Given its existing use by the league, Statcast seems to be the robo-ump heir apparent. It wouldn’t be surprising to see the league use their own tech along with existing infrastructure if (or when) Commissioner Manfred et al. decide to pursue electronic strike zone systems.
There is, however, another version of pitch tracking technology already in play. The independent Atlantic League has been using a system called TrackMan since 2019. The trial was actually instigated by Major League Baseball to get a clearer picture of how it would look to implement a robo-ump at the pro level.
TrackMan is similar to Statcast in that it determines pitch information in real time. Instead of using cameras, though, it uses Doppler radar to measure 3D objects in space. It takes into account the stature of the batter among other information, which ensures the size of the strike zone is relative to the height of the batter. It works simply: the ump wears an earpiece connected to the main system that pipes in “strike” or “ball” as the pitch comes through the zone. The ump physically makes the call as they usually would.
High-profile proponents of strike zone technology include retired super-utility man Ben Zobrist and Miami Marlins manager Don Mattingly who have both expressed support for bringing it to the majors. For what it’s worth, their respective comments on the topic were the result of being negatively impacted by game-ending umpiring mistakes. And now, a few years into the experimental phase, reaction to the TrackMan experiment has been in line with their original opinion. It’s been largely positive from umpires and players alike.
In 2019 CBS Sports’ Katherine Acquavella reported on how it was going a few months into TrackMan’s inaugural season in the Atlantic League. Traditionalists, she says, are having a tough time balancing the so-called “human element” of umpire-player relationships. Reports out of the Arizona Fall League have a similar bent:
“[Mets catching prospect Ali] Sanchez has learned to vary his conversations, chatting with the home plate umpire about everything from the weather to family to their upcoming vacations over the winter holidays. No more negotiating about the strike zone. Nothing can be done.”
One can argue that relationships shouldn’t have any effect on the size or shape of the strike zone at all. A computer’s impartiality can make the game more predictable on both sides of the ball, which is what some players are coming around to as well.
“It gives me confidence knowing that every single pitch I throw is going to be called exactly what it is,” [Giants pitching prospect Tristan] Beck said. “I throw a close pitch and it’s a ball? No argument. No leaning on the umpire that it should have been a strike. I know for a fact that it’s a ball or a strike.”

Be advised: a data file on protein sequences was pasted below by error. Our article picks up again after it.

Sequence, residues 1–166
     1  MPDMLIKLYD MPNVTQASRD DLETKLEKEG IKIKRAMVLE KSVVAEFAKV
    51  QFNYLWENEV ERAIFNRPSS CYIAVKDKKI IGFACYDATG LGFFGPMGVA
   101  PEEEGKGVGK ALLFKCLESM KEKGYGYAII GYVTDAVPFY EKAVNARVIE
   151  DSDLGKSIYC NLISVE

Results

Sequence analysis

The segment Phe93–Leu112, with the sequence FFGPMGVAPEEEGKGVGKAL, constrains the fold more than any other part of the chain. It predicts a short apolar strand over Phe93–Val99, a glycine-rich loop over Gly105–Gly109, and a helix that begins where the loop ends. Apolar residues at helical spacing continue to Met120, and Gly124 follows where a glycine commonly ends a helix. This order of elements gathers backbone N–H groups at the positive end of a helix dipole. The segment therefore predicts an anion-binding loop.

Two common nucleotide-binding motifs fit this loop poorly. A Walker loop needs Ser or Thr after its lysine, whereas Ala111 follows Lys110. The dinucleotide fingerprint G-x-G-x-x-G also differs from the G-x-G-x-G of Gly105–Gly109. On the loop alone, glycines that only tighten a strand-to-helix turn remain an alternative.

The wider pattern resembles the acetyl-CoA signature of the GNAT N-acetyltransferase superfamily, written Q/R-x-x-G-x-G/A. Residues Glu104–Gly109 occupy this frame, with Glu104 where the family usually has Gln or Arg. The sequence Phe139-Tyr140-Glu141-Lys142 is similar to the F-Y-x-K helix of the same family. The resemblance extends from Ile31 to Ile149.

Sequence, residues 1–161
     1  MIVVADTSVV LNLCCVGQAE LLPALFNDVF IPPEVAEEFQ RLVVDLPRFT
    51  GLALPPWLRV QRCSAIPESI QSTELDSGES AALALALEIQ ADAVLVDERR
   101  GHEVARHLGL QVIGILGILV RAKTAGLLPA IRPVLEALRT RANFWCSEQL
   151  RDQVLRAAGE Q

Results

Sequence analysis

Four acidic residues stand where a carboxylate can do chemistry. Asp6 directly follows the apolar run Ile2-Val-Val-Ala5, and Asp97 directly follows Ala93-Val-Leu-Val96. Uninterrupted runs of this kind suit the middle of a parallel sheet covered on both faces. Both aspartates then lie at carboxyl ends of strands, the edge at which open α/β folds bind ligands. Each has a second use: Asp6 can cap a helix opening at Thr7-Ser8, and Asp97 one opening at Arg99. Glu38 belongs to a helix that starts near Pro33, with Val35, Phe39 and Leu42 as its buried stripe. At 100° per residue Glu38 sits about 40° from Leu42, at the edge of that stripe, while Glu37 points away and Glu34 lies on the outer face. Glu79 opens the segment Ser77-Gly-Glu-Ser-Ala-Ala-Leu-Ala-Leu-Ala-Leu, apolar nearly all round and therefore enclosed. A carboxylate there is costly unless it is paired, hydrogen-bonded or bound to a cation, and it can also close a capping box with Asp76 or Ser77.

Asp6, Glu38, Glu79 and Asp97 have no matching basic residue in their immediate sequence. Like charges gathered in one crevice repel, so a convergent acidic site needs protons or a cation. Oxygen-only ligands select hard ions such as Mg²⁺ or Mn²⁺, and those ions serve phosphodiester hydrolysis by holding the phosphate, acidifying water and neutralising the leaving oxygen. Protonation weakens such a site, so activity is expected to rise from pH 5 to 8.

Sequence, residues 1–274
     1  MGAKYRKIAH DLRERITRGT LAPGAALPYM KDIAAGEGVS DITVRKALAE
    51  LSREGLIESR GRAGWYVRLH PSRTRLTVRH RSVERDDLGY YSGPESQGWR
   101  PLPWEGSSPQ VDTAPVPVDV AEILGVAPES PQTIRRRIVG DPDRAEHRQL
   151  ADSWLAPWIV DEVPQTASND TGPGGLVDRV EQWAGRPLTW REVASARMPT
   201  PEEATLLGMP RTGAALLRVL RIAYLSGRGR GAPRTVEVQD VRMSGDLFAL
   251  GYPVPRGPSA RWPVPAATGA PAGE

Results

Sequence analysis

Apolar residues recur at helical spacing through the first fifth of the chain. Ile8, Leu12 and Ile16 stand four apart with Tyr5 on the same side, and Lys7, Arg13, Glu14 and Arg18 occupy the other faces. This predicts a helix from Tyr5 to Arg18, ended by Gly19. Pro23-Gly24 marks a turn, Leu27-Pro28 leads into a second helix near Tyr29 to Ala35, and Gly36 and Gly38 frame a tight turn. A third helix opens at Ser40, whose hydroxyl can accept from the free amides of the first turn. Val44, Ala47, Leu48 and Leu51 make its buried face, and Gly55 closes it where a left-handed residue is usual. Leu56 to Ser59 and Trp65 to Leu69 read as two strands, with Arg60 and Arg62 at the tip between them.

The system tends to be well received when it comes to pitches on the inside and outside corners, but there’s some chatter that pitches at the top and bottom of the zone tend to be less consistent. Pitches that break at or under the bottom of the zone have a tendency to trip up TrackMan, which mistakenly calls some of them strikes even if they skip into the dirt.
That’s where the human element does play a role. The umpire still has the authority to call a pitch one way or the other if the system is clearly misreading the outcome. Atlantic League umpire Freddie DeJesus told Acquavella he thinks the future is bright for umpires who embrace the new tech.
“As I’ve had the opportunity to do it now, it’s great,” DeJesus said. “It’s a great opportunity and it’s good for the game. I can see it down the line getting to the next level. It’s just an opportunity for bigger things to happen within baseball.”
Following the 2019 season, the MLBUA’s labour agreement was up for negotiation with the league. The new five-year labour agreement includes agreement with the development and testing of electronic strike zone technology. The umps have said they’ll use the systems if Manfred chooses to bring them into MLB games.
This from a union who, in 1999, used mass resignations as a bargaining tool against having a taller strike zone. Perhaps umpires are beginning to see what everyone else can – that the game needs consistency to get the best out of its players.
While baseball might be leaning toward optimism, some fans aren’t so sure. One game in the 2019 Arizona Fall League stoked so much fan frustration after a questionable TrackMan strike call that the league began making an announcement before every game reminding attendees that the umpires weren’t responsible for ball-strike calls. The fans’ feelings about that?
“Get rid of it,” one yelled [at the PA announcer’s echo]. “Let the umps do their jobs!”